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The article found for this weeks forum showed the correlation between how a person feels about

current sentencing from the criminal justice system and whether or not that person had any previous individual or secondhand experience with the justice system. The article by Davila, Hartley, Buckler, and Wilson (2011) explains that many different studies have shown how various factors like race, gender, and education level affect how people feel about criminal justice system sentencing, but this was the first that researched prior justice system experience. According to the research paper, To measure sentencing attitudes, the dependent variable (Too Lenient) was developed from a survey question that asked respondents the following: Thinking about the amount of prison time and other punishments now given to people convicted of crimes; in general, do you think sentences are too harsh, too lenient, or about right? (Davila, Hartley, Buckler, Wilson, pg. 412, 2011) Using this dependent variable, the research choose several different independent variables to test how they would impact an individuals feelings of leniency when it came to the sentences hand down by the criminal justice system. These independent variables included race, gender, as well as political affiliation. The study also used age as a continuous variable and used the range from 18 to 97 years old. The education level achieved by the individual as well as how much income they made was split up into a 7-point and an 8-point categorical variable, respectively. The study also include religion by asking how often each individual attended religious services. The last variable used was the crux of the research and it asked, Have you, or an immediate family member or close friend, ever been charged with any type of crime, excluding traffic violations? (Davila, Hartley, Buckler, Wilson, pg. 413, 2011) The study had three different hypotheses on how an individual would feel about criminal justice system sentencing based off of the race of the person in the study. Two of the hypotheses indicated that white interviewees would think sentences were too lenient compared to African-American and Hispanic interviewees. The third hypothesis on race indicated that Hispanic respondents were more likely to perceive sentences as too lenient compared to African-American respondents. The research had multiple results, starting with females perceiving sentencing as too harsh compared to their male counterparts. The results proved the race hypotheses correctly, as Hispanics and African-Americans were more likely to think that sentences were not lenient enough. Education level showed no substantial bearing in how individuals perceived the sentencing one way or the other. The research was able to show that prior experience with the criminal justice system, through their own or family and friend experience, typically resulted in interviewees perceiving sentencing as too harsh. One article I found that might help explain some of the outcomes of this research suggests that there is some inequality in the sentences handed down depending on the sentencees race. The paper states that, Albonetti examined unexplained sentencing differences as well as race and gender differences in the length of sentences. Albonetti's study found that minority status alone accounted for an additional sentence length of "one to seven months." (Kamalu, Coulson-Clark, Kamalu, pg.3, 2010) Criminal justice research that complements each other like this can be very helpful in showing disparities in justice and are the first step in helping to change things for the better.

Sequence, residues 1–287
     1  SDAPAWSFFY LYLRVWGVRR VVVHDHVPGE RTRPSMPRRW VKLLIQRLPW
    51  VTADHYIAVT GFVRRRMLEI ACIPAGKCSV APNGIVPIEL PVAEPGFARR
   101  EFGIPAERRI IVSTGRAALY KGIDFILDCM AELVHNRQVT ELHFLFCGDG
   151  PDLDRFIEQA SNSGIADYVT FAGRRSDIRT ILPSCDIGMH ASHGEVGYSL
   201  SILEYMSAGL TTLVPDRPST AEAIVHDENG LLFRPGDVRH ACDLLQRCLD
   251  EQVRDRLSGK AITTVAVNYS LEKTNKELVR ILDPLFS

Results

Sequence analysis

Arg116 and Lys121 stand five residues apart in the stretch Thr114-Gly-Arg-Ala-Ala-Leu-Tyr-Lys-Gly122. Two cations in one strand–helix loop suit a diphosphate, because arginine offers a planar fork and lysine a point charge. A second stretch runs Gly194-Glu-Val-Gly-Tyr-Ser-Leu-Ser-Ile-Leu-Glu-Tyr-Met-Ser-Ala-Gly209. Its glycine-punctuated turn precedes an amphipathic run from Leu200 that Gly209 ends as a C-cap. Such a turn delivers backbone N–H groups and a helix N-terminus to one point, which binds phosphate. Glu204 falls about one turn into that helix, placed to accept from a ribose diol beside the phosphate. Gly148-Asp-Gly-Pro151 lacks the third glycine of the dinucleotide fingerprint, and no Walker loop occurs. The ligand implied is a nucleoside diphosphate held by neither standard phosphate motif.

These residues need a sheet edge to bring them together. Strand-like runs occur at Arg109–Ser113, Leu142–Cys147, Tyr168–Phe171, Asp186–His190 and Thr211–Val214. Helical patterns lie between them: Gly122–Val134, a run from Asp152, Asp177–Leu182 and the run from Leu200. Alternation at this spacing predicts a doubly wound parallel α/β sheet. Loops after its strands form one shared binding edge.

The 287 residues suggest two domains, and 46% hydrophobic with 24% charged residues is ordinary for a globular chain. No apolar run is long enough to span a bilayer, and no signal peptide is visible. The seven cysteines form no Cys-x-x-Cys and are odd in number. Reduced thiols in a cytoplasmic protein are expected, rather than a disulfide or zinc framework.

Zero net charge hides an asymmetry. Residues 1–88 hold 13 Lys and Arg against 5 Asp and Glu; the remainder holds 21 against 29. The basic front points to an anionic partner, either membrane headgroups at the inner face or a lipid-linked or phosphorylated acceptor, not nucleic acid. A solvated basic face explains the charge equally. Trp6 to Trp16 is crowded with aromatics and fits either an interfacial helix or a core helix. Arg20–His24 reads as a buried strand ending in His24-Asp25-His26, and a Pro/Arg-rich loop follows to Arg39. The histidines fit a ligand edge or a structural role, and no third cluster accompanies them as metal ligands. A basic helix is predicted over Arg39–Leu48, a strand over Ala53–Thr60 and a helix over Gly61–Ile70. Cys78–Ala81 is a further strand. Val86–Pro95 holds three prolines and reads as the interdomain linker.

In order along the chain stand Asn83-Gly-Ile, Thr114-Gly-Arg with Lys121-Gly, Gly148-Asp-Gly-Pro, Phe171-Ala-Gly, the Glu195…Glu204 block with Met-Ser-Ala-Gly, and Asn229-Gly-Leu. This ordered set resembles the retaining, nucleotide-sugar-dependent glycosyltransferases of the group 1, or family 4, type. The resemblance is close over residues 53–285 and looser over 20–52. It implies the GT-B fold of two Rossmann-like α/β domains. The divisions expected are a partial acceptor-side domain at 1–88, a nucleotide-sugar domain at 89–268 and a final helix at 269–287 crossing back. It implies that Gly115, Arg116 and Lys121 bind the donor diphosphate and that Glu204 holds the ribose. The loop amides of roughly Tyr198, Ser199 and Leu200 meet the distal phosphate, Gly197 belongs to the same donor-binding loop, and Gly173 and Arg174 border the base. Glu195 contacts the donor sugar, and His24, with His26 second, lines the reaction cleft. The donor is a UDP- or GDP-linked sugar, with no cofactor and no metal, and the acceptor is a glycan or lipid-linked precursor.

Davila, M. A., Hartley, D. J., Buckler, K., & Wilson, S. (2011). Personal and vicarious experience with the criminal justice system as a predictor of punitive sentencing attitudes. American Journal of Criminal Justice : AJCJ, 36(4), 408-420. doi: Kamalu, N. C., Coulson-Clark, M., & Kamalu, N. M. (2010). Racial disparities in sentencing: Implications for the criminal justice system and the african american community. African Journal of Criminology and Justice Studies : AJCJS, 4(1), 1-31. Retrieved from